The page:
By this point, I'd realized that kids were pronouncing "Dubob" with a "T" and not a "D". In agreement with French spelling rules, this Senegalese word was written:
Being a toubab didn't help me to catch a ride, as I tried hitchhiking south from Saint-Louis. I gave up and took a bus. The bus traveled slowly. Nightfall neared. At this point, I sat with my backpack on my lap smooshed in-between people, and my destination was still two hours away. Outside, the moist sand of the Sahel stretched beneath elephant-skinned baobab trees.
I'd always wanted to climb a baobab. And I'd never wanted to be smooshed in a bus. I asked the bus to stop, jumped out, and felt the best I'd felt all day. My friends in central Senegal could wait for me to visit them one more day.
The baobabs rose up slowly from the land, as if made of a glue that wanted to stick to the ground, with long branches stretched off this clump. I leapt and caught a low branch then pulled myself twenty feet up into a baobab. Its trunk sounded hollow when I knocked on it. Colonies of parsley leaves grew on the branches.
I remembered that, in Tanzania, people had told me about baobab fruit. I would be told in Senegal that the French name for this fruit was: "pain du singe" (literally: Wild Pigs' Bread). Maybe I could make a living climbing baobabs and selling this stuff? I knew a lot of wild pigs.
I told my friends in central Senegal about my plan. I joked I'd already opened five shops in Bango. I'd employed the local kids to climb trees for me. If anyone bought "pain du singe" in Bango, I got a commission.
Birima - a tall girl with shiny, silvery black skin and gorgeous, pillowy lips (whom I'd met while hitchhiking through the Sahara) - said it was traditional belief that devils lived in baobabs. These devils liked to smack people and knock them out of trees.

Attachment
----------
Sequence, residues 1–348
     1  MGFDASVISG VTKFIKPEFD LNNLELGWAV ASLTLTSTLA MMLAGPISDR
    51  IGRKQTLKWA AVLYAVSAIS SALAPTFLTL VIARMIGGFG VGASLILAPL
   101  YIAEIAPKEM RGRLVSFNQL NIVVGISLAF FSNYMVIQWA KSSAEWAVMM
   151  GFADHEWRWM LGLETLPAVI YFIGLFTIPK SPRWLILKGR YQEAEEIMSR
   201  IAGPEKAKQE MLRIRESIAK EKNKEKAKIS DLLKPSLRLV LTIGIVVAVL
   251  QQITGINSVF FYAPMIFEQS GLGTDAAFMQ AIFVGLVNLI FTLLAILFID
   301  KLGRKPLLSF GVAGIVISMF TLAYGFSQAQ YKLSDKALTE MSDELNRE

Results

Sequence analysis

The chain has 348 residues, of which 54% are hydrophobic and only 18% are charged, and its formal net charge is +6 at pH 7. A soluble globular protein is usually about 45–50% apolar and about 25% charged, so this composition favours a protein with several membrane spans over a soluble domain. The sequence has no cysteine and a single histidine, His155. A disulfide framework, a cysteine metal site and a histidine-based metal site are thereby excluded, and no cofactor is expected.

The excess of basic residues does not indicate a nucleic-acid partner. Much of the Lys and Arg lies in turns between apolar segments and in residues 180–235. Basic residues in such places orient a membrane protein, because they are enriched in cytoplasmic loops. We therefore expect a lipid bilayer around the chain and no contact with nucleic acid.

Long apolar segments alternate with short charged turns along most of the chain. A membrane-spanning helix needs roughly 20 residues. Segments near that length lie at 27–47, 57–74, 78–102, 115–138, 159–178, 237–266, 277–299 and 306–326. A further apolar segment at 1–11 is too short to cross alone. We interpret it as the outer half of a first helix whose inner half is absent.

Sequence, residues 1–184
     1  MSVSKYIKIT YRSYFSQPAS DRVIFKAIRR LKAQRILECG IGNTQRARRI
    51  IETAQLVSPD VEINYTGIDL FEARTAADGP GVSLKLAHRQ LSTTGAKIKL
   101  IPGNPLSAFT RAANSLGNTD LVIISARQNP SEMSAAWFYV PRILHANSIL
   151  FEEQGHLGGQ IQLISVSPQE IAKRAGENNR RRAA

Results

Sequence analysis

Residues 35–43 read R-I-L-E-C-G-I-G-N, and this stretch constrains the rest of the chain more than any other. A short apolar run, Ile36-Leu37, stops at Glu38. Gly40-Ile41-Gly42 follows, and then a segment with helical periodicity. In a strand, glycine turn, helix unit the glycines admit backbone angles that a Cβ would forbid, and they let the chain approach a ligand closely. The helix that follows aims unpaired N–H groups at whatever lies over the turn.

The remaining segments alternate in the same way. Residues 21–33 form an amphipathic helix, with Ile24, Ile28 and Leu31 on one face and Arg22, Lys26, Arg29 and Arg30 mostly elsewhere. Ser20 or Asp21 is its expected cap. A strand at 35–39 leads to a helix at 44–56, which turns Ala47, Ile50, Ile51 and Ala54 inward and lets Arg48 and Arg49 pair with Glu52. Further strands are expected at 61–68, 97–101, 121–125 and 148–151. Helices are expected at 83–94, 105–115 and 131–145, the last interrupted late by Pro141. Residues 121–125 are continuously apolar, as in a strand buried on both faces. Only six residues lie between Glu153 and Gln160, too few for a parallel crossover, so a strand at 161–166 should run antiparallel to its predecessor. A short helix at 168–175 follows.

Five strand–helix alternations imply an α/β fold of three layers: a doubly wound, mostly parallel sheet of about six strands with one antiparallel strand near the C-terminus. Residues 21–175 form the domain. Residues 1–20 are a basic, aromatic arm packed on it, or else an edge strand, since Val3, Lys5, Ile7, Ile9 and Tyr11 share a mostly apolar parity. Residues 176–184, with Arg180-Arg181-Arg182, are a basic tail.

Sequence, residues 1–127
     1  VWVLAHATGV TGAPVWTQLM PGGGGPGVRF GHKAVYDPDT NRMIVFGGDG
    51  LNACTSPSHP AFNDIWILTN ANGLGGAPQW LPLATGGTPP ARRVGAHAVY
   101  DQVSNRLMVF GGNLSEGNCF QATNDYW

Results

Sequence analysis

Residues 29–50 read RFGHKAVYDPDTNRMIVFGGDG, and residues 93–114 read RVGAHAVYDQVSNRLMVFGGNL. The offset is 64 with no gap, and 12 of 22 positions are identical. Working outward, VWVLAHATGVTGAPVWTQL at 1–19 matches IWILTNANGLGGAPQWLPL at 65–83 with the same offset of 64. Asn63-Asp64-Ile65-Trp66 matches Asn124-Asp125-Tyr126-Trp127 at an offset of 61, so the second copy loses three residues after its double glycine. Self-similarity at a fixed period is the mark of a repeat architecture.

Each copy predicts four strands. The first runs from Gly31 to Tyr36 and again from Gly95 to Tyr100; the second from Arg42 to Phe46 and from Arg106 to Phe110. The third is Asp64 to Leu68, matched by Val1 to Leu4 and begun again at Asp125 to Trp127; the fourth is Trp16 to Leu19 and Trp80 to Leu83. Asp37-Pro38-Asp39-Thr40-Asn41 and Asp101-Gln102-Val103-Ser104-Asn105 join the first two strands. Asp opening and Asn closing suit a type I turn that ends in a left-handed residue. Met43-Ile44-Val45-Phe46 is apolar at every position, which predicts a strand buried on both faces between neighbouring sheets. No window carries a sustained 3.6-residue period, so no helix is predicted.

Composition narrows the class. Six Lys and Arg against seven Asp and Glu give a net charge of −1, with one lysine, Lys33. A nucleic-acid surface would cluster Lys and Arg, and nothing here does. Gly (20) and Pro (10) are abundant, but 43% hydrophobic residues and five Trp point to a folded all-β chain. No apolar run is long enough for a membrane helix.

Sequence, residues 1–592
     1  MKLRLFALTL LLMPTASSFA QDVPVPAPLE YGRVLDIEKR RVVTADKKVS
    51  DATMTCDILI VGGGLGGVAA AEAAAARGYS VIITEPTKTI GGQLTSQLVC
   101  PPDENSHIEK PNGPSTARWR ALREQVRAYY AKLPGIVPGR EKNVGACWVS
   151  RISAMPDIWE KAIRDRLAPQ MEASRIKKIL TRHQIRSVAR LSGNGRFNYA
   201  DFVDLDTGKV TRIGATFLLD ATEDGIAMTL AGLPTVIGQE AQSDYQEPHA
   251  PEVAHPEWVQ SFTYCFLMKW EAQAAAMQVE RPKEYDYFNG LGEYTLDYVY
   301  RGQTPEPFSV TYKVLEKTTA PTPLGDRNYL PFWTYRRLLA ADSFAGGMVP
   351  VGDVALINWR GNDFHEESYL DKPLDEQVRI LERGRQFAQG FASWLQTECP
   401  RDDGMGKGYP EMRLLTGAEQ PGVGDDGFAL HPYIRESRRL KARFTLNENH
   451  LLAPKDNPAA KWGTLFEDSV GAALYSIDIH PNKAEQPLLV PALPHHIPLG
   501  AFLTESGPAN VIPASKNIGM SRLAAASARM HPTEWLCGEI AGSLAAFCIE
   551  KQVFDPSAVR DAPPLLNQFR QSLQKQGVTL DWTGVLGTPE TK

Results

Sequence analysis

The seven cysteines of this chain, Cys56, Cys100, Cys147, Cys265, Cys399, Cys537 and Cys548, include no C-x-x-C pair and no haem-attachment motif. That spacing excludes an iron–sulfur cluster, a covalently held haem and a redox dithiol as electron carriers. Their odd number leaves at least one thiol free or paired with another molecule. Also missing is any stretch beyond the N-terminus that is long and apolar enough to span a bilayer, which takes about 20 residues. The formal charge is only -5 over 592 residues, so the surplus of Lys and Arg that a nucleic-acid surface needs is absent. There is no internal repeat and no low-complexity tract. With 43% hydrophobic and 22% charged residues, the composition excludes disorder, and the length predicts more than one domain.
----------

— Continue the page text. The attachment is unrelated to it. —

I asked Birima's uncle, a military man, if he'd ever climbed a baobab.
"Je n'oses pas." (I don't dare.)
Birima's Aunt Lisa showed me the sack of "pain du singe" which she'd bought recently. The fruit resembled pieces of cardboard covered in asbestos. It didn't taste much better.
I said, "Ca c'est pas bon. Je penses que ma enterprise ne va marcher pas." (This stuff isn't good. I don't think my business is going to be a success.)
A rash developed on my forearm, knee, and clavicle. Was this a result of climbing the baobab?
I learned that the "pain du singe" which Aunt Lisa had shown me actually grew on the baobabs inside of green globes. I learned to suck on the "pain du singe", which tasted like a mixture of honey, butter, and unsweetened chocolate.
Aunt Lisa taught me how to make a juice with it. She mixed it with water and sugar. She added unsweetened peanut butter made from grilled peanuts. She stirred this with a whisk until the "pain du singe" dissolved off the hard, black beans it covered. She got rid of the beans. She handed me a nutty, waxy shake as rich and delicious as any juice made from nuts.
Even though I had this wonderful rich drink in my stomach, I felt lousy when I left Birima and Aunt Lisa's house. I'd decided to return to northern Bango. This was pulling me away from my ultimate destination of Guinea-Bissau, a country which was seeming more and more unreachable.
I sat in the comfortable front seat of a bus and looked out at the land. Due to the arrival of the rainy season, fresh grass sprouted up from the red clay. Baobabs hosted bright green cups for leaves. If all of Senegal were this Eden-like, I would've wanted to walk all the way through it.
Meditating, I tried to feel the personality of each baobab.
Most - with their wrinkly, folded trunks - were wise, old men.
Most were warty, trollish hunchbacks. Some were short, fat women who lived in caves and cooked soup for their husbands. A tall and clean, thin baobab resembled a young gentleman - bursting with freshness. A long, low one was a rhinoceros. Most were guys with all their weight around their waists, with tiny pectorals and biceps, with long stretched-out necks and pinheads.
Looking at these baobabs, I smiled.
Ca va tres bien! Merci.
the Modern Oddyseus
Thanks to Moustapha & wife; Modou Ndiaye; Ndiassar; Mars; and Mars for rides!
Much thanks to Modou Ndiaye; Cheikh, Cheikh-Oumar, Tant Lisa, Amadou, Aisha, Alima, & Hadi; and Mame Diarra Busu Sad, Birima, Mariam, Bijou, Mama, Biram, & Dior for places to stay!